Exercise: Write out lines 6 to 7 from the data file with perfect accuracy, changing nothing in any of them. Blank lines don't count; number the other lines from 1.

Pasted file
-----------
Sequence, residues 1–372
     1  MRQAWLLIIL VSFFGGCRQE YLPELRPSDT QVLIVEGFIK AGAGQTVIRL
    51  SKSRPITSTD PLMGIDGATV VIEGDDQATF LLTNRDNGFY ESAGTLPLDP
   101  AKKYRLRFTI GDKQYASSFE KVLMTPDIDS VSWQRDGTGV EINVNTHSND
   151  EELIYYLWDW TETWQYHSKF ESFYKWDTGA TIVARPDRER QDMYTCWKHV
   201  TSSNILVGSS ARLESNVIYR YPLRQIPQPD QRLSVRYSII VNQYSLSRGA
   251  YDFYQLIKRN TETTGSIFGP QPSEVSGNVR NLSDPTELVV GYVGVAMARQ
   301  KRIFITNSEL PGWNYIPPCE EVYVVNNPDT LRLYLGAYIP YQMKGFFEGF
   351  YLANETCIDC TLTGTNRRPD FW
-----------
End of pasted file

   201  TSSNILVGSS ARLESNVIYR YPLRQIPQPD QRLSVRYSII VNQYSLSRGA
   251  YDFYQLIKRN TETTGSIFGP QPSEVSGNVR NLSDPTELVV GYVGVAMARQ